Never in my life will I feel as complete as I do today—seeing the one and only true reason for my becoming a writer—thank you.
Great scroll laid out like a corpse in its coffin.
Dignified—let the text speak.
I’m honored to see this.
Beauty comes in such interesting ways.
So much authentic life in such a little room.
3/25/05 Ed “Wall” Uhl (see Chapter #8)
4/6/05 Jeanne (Wall) Uhl – I made the ice cream
You can feel Jack’s presence alive in this manuscript!
Oh how you moved me, from the first words until the last.
Made me want to hitchhike everywhere and I did!
This one brings tears to my eyes:
My son is named after Jack.
And my favorite:
Poor lonely beatific beautiful Jack.
Finally I myself add:
At last we meet, soul mate.
JON AND OSCAR
come back from breakfast and I leave the exhibit rejuvenated in spirit, like something definitive has been confirmed and settled. We decide to visit Hoover Dam while we’re in the neighborhood. I get my pants and huaraches wet wading in Lake Mead. An officer waves us through a police checkpoint, barely glancing at us or the RV behind us. There was better security, several levels thereof, back at the Stratosphere. With the afterglow of Jack’s aura clinging to me, I am curiously underwhelmed by the dam. Oh, so what—look what Jack did!
LEAVING LAS VEGAS
We awake early and breakfast at the Wynn. Everything is just so, and we look like Dharma bums. It’s time to head out. Right about now I’d be checking in at the office. Instead I’m staring at a plaster gorilla outside Circus Circus waiting for the light to change. Thursday is all about driving. Jon and Oscar drive and drive, and I have some kind of bug that keeps me sleepy and vaguely carsick, prone on the back seat with my face to the vinyl. At one point, finally, about to ask Oscar to pull over, I barf into my cupped palms a handful of the Denny’s cheddar broccoli soup I knew I shouldn’t have eaten.
January 15th, 2006Not-so-fresh off a weekend flight from Portland, Oregon—PDX to SFO to BART to Civic Center to Grove St. to the San Francisco Library to the Mrs. and Mrs. George F. Jewett, Jr. Exhibit Gallery, where I am not so shy this time—I walk right up to Jack, splayed once again in his glass coffin, eye-crossing type rolling rolling rolling like the plains, and challenge him to intimidate me again. He can’t do it. Our first shy encounter is history. Then right up to me walks Delfin Vigil of the Chronicle, whom I’d overheard interviewing visitors, and asks me what I’m doing there. “I’m writing an article,” I say, “and if you talk to me you’ll be in it.” I tell him I started my pilgrimage at the Las Vegas branch and that this exhibit is far superior, and, quips Delfin (Delfin as he tells me, handing me his card), “it’s not in Las Vegas.” “But I didn’t have to take a road trip to get here because I live in San Francisco. It’s all about the road, and it’s all about writing—and what is more about writing and the road than Jack?” Here I am feeding this other guy this splendid line and using it myself, as he did not, in his subsequent piece. Delfin tells me the curator had to unveil the roll for an inspector who thought it to be a religious scroll. As indeed it is, indeed it is.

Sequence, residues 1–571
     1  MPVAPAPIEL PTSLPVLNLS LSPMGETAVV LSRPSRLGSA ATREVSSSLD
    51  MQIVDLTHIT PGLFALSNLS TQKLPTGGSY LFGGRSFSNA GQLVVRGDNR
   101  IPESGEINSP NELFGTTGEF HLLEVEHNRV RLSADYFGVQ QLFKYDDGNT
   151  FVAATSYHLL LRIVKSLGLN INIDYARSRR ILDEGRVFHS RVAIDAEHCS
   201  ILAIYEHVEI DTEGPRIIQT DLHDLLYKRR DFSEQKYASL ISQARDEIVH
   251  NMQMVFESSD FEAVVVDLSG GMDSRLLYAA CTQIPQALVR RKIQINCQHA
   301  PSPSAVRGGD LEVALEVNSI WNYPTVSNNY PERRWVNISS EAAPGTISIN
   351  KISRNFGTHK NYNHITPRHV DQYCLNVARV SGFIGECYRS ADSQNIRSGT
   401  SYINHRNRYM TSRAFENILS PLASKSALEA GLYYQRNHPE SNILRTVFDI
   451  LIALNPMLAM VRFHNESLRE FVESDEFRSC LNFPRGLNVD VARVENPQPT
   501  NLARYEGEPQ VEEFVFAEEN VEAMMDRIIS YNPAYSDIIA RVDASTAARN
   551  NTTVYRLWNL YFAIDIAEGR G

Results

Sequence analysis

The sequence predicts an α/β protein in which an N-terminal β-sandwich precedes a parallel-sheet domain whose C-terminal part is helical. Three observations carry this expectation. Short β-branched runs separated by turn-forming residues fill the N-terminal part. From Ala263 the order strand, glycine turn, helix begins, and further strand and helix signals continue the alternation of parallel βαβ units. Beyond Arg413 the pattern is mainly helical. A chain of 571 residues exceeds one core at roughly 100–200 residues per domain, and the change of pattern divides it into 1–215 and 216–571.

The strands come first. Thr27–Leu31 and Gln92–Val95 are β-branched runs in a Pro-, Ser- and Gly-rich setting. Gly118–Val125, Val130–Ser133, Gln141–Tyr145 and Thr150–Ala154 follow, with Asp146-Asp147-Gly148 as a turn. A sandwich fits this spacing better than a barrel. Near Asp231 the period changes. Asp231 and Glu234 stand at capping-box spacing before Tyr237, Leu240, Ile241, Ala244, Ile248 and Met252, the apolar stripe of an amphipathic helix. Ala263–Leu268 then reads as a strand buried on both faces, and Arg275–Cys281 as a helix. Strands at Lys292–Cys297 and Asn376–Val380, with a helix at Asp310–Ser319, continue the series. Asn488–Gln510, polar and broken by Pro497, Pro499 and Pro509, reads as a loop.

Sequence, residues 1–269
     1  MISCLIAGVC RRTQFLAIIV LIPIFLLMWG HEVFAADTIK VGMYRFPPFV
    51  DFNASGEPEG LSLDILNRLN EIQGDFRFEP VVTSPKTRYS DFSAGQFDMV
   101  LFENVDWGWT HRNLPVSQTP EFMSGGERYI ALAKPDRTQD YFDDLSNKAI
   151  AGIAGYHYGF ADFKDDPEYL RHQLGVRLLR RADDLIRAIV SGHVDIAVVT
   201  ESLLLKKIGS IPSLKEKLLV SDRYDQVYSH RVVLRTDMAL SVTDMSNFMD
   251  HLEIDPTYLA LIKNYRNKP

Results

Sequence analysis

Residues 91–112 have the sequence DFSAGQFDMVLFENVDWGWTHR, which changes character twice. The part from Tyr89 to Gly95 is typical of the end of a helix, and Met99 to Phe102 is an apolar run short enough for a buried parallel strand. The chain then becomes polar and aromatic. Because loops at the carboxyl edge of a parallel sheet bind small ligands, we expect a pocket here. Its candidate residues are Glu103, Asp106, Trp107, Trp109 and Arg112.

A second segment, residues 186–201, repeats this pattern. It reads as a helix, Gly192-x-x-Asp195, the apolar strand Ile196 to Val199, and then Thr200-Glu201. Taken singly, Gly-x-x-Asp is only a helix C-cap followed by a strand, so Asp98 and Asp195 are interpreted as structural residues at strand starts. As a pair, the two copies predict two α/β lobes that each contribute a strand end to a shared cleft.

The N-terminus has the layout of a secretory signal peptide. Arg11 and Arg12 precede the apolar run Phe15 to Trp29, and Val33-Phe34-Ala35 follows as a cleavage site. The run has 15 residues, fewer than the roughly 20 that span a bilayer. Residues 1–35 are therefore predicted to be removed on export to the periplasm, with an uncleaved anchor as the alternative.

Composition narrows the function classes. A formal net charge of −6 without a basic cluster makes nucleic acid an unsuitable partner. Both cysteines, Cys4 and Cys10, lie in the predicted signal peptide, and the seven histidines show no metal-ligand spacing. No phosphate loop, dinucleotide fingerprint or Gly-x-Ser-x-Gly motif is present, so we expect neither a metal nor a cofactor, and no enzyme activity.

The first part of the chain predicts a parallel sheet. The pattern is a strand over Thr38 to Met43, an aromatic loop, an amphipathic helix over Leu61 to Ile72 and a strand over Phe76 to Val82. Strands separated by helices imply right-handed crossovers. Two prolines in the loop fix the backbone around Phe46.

AS I MOVE AROUND
the exhibit, reading quotes, looking at pictures, I feel the inkling of that familiar itchy sensation, a rising pulse rate, a burst of impatience, and I have to run to the adjacent “gift of Robert and Carole McNeali café” to tear my PowerBook out of my bag and dive right in because the hunger is upon me, the hyperventilating desperation, almost an hysteria I am powerless to resist, that if I don’t write this down this minute I will bust! Writing of the suffering of love on the plane, I was. Fuck the suffering of love! What is one person who does or does not love you, when all the world in its grime and glory and misery and splendor and struggle and ecstasy is there, itching at your fingertips to bust out of your soul onto paper! If you don’t have love, you yet have life, pulsing in your palms like the heartbeat of a young bird. It’s either that or my second latte. My heart is racing.
THAT’S WHY I AM HERE,
Delfin, that’s what calls me to Jack, my muse, my dream lover, my soul mate. We were cut from the same cloth. A reader of mine told me I should find a muse “more ‘alive’ and insightful with reflection and careful instruction like Carlos Fuentes.” No, give me a flawed and tragically human man who lived his life till he couldn’t live it no mo’, spilling his guts onto the page at every turn, spilling his guts out for real at the end.
FROM THE VIDEO INSTALLATION,
Jack Atonelli’s 1985 documentary, “Kerouac King of the Beats,” containing dramatizations of Jack’s life and fiction, I learn that Jack was discharged from the Navy as paranoid schizophrenic (!), arrested as accessory to a murder (of David Kammerer by Lucien Carr), and married to Edie Parker in exchange for bailing him out of jail. I’m thinking, I’m no Kerouac scholar, I should become more informed. But you know what, he’s dead. He has said his piece. Instead of investigating every detail of his life my greatest homage to Jack is to just keep traveling down the road and writing about it.